RELATED: Louisiana case headed to Supreme Court could get new trials for more than 1,000 inmates

Long waits for defendants too

But Reserve pastor Errol Victor Sr. is one person who was convicted by a split jury and was granted a new trial less than a month after Ramos. A St. John the Baptist Parish jury convicted him 10-2 in 2014 of second-degree murder in the death of his 8-year-old stepson. He spent more than six years in prison before the U.S. Supreme Court overturned his conviction, but he’s still in jail at the Elayn Hunt Correctional Center in St. Gabriel, without a new trial date because of the pandemic.

“I was in the United States Supreme Court and the first one overturned after Ramos — the very first one,” Victor said during a jailhouse phone call last month, although it’s hard to know which of 12 cases overturned in light of Ramos by the high court on April 27, 2020, was truly the first.

“And people 10-2 been bonded out and whatever,” added Victor, who continues to profess his innocence. “So, how am I sitting here with no bond? What are you talking about? No conviction and no sentence and no bond?” 

Normally, the state would have a year to set a new trial date. But instead of doing that, authorities have been moving Victor to at least three different jails since he was released by the Louisiana Department of Corrections back to the custody of St. John Parish — none of them in St. John.

Last month, he declared a long-shot candidacy for U.S. Congress in northeast Louisiana because he was being held at the time in a jail in Catahoula Parish, about 200 miles from where the crime allegedly happened.

“People can’t be in jail 20, 30 years and you talking about they need to get another trial. Now it’s too late,” he said. “Because the speedy-trial clock never stopped.”

But Landrum says that’s not true this year, again because of the pandemic. The Louisiana Supreme Court had already suspended the normal speedy-trial rules when Victor’s case was remanded, meaning the yearlong clock doesn’t start ticking again until the criminal court in Edgard resumes trials.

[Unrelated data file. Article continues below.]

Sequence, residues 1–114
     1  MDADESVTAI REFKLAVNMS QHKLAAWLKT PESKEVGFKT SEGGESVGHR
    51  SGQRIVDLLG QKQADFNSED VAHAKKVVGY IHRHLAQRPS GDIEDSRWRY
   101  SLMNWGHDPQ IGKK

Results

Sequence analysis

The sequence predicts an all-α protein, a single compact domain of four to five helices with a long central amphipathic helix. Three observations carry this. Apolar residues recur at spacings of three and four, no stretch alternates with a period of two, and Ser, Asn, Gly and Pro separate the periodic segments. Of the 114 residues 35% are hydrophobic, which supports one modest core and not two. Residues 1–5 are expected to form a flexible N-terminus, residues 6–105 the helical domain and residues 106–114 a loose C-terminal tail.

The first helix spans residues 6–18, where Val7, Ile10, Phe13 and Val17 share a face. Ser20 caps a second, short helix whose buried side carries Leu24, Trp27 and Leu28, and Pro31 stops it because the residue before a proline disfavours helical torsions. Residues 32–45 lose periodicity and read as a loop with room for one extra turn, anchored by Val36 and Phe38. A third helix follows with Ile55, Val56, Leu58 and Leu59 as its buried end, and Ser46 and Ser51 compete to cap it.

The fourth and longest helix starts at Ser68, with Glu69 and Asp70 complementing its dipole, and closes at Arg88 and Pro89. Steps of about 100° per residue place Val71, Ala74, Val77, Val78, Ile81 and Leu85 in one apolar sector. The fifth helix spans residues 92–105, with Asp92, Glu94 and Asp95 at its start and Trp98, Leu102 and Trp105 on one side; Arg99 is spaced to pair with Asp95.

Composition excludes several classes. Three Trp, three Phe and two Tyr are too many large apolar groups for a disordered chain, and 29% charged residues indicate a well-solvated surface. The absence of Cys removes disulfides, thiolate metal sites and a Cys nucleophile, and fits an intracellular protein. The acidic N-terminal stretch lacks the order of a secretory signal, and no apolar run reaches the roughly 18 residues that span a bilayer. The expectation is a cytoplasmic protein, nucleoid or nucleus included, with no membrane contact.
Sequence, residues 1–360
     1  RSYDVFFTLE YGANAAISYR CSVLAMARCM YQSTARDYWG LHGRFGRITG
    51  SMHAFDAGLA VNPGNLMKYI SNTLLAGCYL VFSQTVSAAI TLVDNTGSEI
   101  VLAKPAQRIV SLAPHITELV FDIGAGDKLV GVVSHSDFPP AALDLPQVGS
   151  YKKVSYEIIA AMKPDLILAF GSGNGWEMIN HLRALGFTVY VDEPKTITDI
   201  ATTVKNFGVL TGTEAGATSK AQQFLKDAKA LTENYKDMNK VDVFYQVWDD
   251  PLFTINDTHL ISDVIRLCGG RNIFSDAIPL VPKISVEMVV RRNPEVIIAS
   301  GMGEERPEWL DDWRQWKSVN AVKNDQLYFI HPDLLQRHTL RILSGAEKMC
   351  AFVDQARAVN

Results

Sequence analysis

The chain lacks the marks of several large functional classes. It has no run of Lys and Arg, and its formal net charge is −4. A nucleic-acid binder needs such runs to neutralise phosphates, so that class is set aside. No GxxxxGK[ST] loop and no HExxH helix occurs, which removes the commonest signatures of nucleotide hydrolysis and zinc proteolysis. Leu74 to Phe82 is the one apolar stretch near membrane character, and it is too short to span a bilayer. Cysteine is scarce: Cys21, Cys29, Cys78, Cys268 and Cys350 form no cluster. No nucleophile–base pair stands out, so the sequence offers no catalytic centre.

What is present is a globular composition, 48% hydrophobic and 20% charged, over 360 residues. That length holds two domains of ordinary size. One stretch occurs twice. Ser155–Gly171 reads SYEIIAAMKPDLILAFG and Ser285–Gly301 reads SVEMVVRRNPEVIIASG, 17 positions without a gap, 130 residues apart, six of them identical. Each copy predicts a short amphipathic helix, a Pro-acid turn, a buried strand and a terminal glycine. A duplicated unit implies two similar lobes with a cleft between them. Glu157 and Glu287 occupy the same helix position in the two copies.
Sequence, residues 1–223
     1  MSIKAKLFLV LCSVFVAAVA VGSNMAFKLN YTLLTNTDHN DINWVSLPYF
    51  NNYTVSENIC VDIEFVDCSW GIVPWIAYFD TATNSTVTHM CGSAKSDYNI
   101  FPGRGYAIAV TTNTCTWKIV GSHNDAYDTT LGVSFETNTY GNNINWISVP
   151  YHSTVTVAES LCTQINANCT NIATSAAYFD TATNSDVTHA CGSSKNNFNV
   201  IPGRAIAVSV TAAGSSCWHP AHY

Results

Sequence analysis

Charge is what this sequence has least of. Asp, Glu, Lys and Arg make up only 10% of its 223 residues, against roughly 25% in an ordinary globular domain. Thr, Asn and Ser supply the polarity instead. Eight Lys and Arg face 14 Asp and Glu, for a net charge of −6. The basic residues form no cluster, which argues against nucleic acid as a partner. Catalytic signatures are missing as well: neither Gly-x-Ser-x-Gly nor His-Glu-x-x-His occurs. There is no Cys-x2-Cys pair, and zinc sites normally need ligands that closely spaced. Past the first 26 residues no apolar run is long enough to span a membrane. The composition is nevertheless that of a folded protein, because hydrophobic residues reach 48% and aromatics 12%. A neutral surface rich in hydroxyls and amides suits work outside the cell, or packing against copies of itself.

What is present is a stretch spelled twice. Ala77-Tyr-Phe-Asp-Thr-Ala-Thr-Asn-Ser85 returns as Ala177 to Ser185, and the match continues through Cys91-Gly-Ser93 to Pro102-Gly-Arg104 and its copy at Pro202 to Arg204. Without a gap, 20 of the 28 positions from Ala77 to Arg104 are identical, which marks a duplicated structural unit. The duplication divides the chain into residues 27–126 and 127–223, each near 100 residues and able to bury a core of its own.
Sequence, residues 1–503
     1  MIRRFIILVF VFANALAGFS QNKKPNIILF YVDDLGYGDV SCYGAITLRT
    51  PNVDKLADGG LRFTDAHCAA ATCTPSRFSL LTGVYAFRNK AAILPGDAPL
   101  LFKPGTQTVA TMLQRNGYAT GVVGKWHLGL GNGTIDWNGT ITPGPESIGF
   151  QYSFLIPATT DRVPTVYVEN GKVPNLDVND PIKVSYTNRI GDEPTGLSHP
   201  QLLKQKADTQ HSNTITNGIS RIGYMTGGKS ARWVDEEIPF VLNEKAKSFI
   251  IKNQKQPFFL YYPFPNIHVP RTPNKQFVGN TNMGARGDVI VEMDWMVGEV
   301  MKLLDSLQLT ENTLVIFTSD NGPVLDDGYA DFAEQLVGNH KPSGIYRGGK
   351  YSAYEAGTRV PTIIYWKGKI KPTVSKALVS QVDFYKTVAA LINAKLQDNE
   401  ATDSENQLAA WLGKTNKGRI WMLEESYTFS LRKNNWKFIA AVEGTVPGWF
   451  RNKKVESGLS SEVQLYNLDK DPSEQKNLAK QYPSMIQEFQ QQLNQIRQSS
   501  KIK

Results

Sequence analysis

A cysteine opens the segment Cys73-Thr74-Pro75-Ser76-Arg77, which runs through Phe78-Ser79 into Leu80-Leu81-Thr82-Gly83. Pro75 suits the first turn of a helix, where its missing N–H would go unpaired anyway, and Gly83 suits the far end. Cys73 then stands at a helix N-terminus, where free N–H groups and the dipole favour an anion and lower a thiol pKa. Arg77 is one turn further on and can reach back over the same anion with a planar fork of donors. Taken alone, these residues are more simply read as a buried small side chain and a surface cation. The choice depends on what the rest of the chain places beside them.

The wait can be equally painful for the families of crime victims like Shawn Arthur.

Bob Arthur’s dogged efforts turned up 11 victims with stories similar to Shawn’s in seven states from California to Georgia. A private investigator he hired recorded prostitute Dominique Berry in a Georgia jail admitting she had drugged Shawn in his apartment so her pimp, Randy Schenck, could rob him.

RELATED: New Orleans man accused of drugged sex robbery scheme in several states

In the jailhouse recordings, Berry said she didn’t know Shawn Arthur had died, but acknowledged teaming with Schenck to lure more than 50 men with sex, feed them drugs and alcohol to render them unconscious and take their valuables.

Federal agents finally charged Schenck with conspiracy, identity theft and sex trafficking in June 2019. 

Berry pleaded guilty in December 2019 to conspiracy and identity theft charges, but her sentencing has been pushed back to March 18. Schenck denies the charges against him. His trial, originally set for last summer, is now scheduled for July 2021.

Bob Arthur doesn’t understand why technology being used to keep hearings and other court business moving can’t be used for trials.

“You could have a case in a courtroom, they could all sit 6 feet apart and you could have a jury sitting … spread out and be on Zoom,” he said.

Arthur hasn’t been able to convince Jefferson Parish authorities to file any state homicide charges. District Attorney Paul Connick’s office has declined to comment during an ongoing investigation and while federal charges are pending.

Matthew Sledge of The Times-Picayune | New Orleans Advocate contributed to this report.